Wilderness Medicine CME Group Rescues and
Possibly Saves the Life of a German Trekker with Severe Altitude Sickness on
Submitted by Rick Clark, M.D. Professor of Emergency Medicine at UCSD and
faculty for the Wilderness Medicine Everest Base Camp CME
Group April 2010
At around 6 pm on April 12, 2010 at our lodge just past Tengboche
(12,700 foot altitude), a 50 year German trekker (who was not part of our
CME group) was carried into the lodge by 2 porters. She was ataxic,
confused, short of breath and could barely speak. Her skin was cyanotic and
cold. Through her porter and some members of our group who spoke German, we
discovered that she had become progressively short of breath and weak over
the past 2 days and her porter had left the rest of her group to descend as
far as possible before sunset. We placed our finger pulse oximeter on her
and it registered around 55%, with a pulse of 110 bpm. On a cursory
examination, her lungs had some crackles throughout, her mucous membranes
were dry, and she had tachycardic heart sounds. She could not walk without
assistance. She had no other focal neurologic findings.
We diagnosed her with both HAPE and HACE. Her porter told us he was going
to continue his descent with her in the dark, but only to about 11,000 feet.
We asked him and the patient if we could help; noting that we were very
worried about her and that she would likely worsen over night. They agreed
to allow us to help. We recommended that she be given some medications and
placed in our Gamow bag overnight. We would then arrange helicopter
transport in the morning.
We administered her 12 mg dexamethasone IM, and 250 mg acetazolamide
orally. After getting permission from the lodge owner, we took her to the
top floor and opened our Gamow bag. We inflated it and placed her inside.
Once she was inside the bag, she immediately began to improve, with her
pulse ox increasing to 70's and finally 80's by the next day. Her mental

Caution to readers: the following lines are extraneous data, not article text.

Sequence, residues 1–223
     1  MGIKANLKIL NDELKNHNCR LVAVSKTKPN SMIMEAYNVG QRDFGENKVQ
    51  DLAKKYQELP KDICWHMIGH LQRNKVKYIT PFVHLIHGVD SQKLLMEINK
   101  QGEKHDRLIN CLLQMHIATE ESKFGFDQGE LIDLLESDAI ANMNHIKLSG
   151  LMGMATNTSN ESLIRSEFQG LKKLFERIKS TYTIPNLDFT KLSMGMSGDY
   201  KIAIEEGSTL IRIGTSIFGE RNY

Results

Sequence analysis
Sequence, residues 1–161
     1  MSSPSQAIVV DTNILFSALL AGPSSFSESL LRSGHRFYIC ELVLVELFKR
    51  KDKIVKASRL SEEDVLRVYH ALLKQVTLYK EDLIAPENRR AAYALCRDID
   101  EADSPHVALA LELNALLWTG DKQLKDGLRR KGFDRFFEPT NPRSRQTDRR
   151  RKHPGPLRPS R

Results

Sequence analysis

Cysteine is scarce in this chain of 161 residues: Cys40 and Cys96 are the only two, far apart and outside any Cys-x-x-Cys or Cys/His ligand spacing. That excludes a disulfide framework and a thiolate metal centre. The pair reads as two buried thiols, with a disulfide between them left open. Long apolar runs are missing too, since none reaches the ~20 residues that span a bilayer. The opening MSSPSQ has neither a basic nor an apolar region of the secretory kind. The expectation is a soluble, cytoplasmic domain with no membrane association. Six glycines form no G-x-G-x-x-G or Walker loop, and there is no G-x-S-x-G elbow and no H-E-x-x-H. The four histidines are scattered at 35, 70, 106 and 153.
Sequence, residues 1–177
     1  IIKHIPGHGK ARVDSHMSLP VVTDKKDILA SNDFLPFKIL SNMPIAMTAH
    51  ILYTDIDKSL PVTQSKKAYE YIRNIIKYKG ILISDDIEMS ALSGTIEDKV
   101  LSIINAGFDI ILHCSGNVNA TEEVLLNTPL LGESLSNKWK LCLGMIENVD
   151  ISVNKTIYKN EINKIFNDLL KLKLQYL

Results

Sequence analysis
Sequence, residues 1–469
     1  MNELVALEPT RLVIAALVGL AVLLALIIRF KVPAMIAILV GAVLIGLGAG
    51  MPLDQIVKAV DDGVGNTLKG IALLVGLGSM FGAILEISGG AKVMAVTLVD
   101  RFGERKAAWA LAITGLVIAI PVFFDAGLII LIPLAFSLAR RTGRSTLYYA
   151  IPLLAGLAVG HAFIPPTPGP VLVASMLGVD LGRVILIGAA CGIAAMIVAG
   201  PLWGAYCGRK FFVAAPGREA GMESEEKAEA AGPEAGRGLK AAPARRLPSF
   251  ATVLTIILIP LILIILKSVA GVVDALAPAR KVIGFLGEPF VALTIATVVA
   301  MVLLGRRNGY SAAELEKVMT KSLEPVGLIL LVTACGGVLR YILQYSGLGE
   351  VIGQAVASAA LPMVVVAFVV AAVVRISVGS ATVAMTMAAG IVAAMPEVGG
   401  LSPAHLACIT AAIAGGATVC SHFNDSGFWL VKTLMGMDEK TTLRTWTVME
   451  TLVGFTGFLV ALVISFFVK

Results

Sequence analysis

status improved all night and she was able to speak easily understandable
English within 2 hours. We maintained hour-long shifts monitoring her over
night, allowing her to be removed from the bag every hour and urinate. Each
of our porters also took turns on the foot pump to keep the bag inflated
overnight. She was ambulating almost without assistance by morning. We
orally hydrated her during the night and she received two more doses of
During the night we arranged for a helicopter rescue after sunrise. We
removed her from the bag around 0700, and walked her down to the nearest
helicopter landing site. The helicopter arrived soon after we did, and she
was easily loaded for transport. Prior to her loading, we found out she was
an oboe player in a symphony orchestra in Germany. She said she was "very
thankful for our help before she departed."
The Wilderness Medicine CME groups to Everest Base Camp always carry a Gamow
Bag, pulse oximeter, and of course, other emergency medications and
supplies. In the Spring of 2008, our Everest CME groups performed similar,
life-saving rescues of two different patients with severe altitude illness.
(HACE and HAPE).
Larry Moore, M.D. and Sheryl Olson, R.N were faculty for the 2008
Wilderness Medicine CME groups to Everest Base Camp. Moore and Olson headed
a humanitarian fund raising effort to purchase 6 Gamow Bags and deliver them
to various high altitude villages in the Everest region. They delivered
these potentially life-saving Gamow bags on our 2009 Everest Base Camp CME
Everest Base Camp CME participants
using Gamow bag to rescue German trekker
with High Altitude Pulmonary and